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By | Paul Kunert 24th March 2015 12:28

Calyx Managed Services break-up begins. Just like we told you

Break-fix and carrier arms offloaded for £5.5m in cash

The expected break-up of Calyx Managed Services has started, with the maintenance and carrier services divisions offloaded to Daisy Group and Chess Ltd respectively for a total of £5.5m in cash.

It always seemed inevitable that Calyx MS would be carved up and sold off when private equity fund MXC Capital paid £9m to buy the troubled operation in January; it has a track record of doing similar deals.

London-listed MXC today confirmed that “following a strategic review” it has entered into a conditional agreement to “dispose” of the units.

The break-fix division — hardware replacements and support services — will become part of Daisy’s Partner Services Trading subsidiary. Daisy coughed up £3.75m (subject to an adjustment linked to deferred income and costs). In calendar 2014, the unit turned over £5.7m and made a gross profit of £3.7m. It had £722k worth of gross assets.

This is the second acquisition made by Daisy since it was taken private in January — a deal that valued the business at £494m. Daisy took over the UK arm of comms integrator Damovo last month.

The telco services arm — line rental, carrier pre-selection and data circuits sold to end-user organisations and to trade customers — was acquired by Chess for £1.8m. The carrier business had a turnover of £7.4m last year, and made a gross profit of £2m.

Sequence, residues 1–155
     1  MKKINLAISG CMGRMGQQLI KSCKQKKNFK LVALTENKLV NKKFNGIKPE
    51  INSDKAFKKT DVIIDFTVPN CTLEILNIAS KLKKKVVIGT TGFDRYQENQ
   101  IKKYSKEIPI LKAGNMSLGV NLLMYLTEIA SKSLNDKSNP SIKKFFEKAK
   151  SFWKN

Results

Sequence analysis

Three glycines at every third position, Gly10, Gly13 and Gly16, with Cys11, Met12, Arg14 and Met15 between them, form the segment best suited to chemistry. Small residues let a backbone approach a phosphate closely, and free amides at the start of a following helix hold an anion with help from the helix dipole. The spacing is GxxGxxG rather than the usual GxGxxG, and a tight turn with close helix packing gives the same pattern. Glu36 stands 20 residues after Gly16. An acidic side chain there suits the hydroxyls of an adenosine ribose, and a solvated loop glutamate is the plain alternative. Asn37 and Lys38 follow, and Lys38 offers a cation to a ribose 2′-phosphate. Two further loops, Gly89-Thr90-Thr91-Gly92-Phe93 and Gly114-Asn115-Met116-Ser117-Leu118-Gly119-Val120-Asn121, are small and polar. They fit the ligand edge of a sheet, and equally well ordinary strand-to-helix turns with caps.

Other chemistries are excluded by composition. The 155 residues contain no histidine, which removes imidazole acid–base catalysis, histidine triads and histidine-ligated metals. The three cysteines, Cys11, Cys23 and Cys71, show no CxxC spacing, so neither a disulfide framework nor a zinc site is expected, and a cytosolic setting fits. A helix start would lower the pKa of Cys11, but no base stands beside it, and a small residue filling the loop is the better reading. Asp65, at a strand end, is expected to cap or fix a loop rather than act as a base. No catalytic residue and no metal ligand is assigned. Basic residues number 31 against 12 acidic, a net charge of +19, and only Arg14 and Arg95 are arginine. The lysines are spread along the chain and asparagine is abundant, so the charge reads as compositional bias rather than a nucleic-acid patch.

Philip Carse, partner and principal analyst at Megabuyte, said the “sold pieces” are likely “sub scale” as standalone operations but will nestle well in the larger bosoms of Daisy and Chess.

This leaves MCX with the core managed network services element at Calyx, which also sells professional and infrastructure services. It made a gross profit of £5.1m on sales of £9.1m in 2014.

However, we suspect that an owner for this managed services business may also be sought, if one has not already been found.

MXC has executed similar strategies for numerous troubled tech firms including Redstone, Maxima and Anix Group. All were broken up, with parts that were deemed non core either closed or sold off.

This latest upheaval will not be welcomed by Calyx staff but it could just be that they find themselves part of a wider organisation that has a plan to build a better, more profitable future.

Clearly, Better Capital, the former owner of Calyx who sold it to MXC, will be watching developments closely to see how much cash can be shaken from this particular money tree. ®

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